Consumers and health insurance payers have extreme confidence issues in current treatment models because providers have not been able to effectively demonstrate treatment outcomes, something that would not be acceptable in other aspects of health care. Consumers aren’t sure what they are paying for.

Interoperability is a clear solution to at least part of the challenge, however implementing integrated care delivery systems while maintaining compliance with mental health regulations has the potential to create obstacles. Disclosure requirements regarding patient data must be acknowledged when sharing patient data. Of equal importance is the proper identification of a specific list of providers to which disclosures may be made in order to remain compliant with patient protection measures.

Integrative Medicine

Involving multiple providers, professionals, treatment plans and health care teams may seem, on the surface, to complicate an individual’s care. In fact, this setup actually simplifies the process as every treatment team member has access to the entire patient picture. When efficacy and productivity is maximized, duplicate services will be minimized. As such, preventable medical errors (currently the third-leading cause of death in the United States) will likely decrease with an across-the-board integration of health care systems.

It is incumbent upon the field of behavioral health to take on practices and methodologies that are in the best interest of the patient. Interoperability offers the ability for providers to break down barriers and obstacles to deliver the best-suited treatment to the patient. It is time for the field to meet the patient where they are and treat them accordingly: the practice of treating the patient rather than the illness.

The future of successful, integrative medicine requires a commitment to fully collecting, measuring and demonstrating treatment outcomes. When consumers and payers are able to discern quality treatment and the solutions best suited for their particular illness, confidence will grow and outcomes will improve.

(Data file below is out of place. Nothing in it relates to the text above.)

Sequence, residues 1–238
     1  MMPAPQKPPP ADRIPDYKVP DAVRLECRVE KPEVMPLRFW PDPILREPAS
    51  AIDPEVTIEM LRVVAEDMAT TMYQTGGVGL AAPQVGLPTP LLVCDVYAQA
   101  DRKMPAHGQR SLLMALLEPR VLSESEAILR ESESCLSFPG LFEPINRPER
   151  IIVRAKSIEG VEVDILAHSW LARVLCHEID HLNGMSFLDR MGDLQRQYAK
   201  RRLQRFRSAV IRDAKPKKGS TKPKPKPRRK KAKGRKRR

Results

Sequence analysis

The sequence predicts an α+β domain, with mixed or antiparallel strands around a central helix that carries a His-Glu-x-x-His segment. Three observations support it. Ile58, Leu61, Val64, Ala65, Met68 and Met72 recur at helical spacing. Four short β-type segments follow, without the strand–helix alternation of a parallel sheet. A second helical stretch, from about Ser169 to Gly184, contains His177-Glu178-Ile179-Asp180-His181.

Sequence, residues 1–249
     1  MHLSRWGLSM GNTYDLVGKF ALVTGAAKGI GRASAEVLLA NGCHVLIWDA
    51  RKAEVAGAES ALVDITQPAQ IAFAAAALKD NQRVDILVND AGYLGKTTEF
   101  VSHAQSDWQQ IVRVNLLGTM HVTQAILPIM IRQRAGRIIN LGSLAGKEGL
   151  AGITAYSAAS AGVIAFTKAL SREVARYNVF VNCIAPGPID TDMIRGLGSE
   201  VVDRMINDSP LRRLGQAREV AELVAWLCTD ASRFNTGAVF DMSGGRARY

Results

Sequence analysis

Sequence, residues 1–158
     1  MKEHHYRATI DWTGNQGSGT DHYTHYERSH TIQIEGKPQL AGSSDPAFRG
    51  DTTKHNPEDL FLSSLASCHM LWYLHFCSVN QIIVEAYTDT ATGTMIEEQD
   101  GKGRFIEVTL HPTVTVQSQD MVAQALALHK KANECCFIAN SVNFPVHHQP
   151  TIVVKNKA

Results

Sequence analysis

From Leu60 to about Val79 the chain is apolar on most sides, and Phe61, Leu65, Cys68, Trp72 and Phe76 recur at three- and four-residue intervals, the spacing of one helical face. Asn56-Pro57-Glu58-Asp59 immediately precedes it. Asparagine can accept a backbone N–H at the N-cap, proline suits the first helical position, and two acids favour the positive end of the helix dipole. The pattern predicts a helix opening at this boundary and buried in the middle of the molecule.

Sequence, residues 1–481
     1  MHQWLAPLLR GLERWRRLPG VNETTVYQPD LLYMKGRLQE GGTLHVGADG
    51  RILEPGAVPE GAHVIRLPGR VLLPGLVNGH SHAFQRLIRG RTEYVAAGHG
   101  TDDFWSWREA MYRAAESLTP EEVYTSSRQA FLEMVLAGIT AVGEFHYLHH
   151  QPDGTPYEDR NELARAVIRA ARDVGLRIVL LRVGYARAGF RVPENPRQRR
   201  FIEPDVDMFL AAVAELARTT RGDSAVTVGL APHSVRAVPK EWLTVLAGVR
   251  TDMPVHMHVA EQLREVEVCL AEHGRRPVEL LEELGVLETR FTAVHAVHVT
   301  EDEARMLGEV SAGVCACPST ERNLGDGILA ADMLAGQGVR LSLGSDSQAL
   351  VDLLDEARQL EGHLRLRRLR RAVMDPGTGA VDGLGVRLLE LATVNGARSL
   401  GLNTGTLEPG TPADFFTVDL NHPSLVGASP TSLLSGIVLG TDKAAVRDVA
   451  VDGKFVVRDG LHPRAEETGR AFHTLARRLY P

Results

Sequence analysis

Additionally, embracing and adopting the appropriate standards in order to communicate and collaborate with a patient’s entire treatment team, essentially disavowing the silo effect, will have a positive influence on the consumer, the payer and our communities at large.

Increasing awareness and building the capacity within differing medical delivery systems are important in helping to identify and treat co-occurring disorders. Early detection and treatment can improve treatment outcomes and the quality of life for those who need these services and by employing integrated services through interoperability, the field will take a giant leap forward.

Treating the Person and Not the Illness: Why Behavioral Health Needs Interoperability


APA Reference
Mukherjee,, A. (2019). Treating the Person and Not the Illness: Why Behavioral Health Needs Interoperability. Psych Central. Retrieved on September 18, 2020, from


Scientifically Reviewed
Last updated: 21 Sep 2019
Last reviewed: By John M. Grohol, Psy.D. on 21 Sep 2019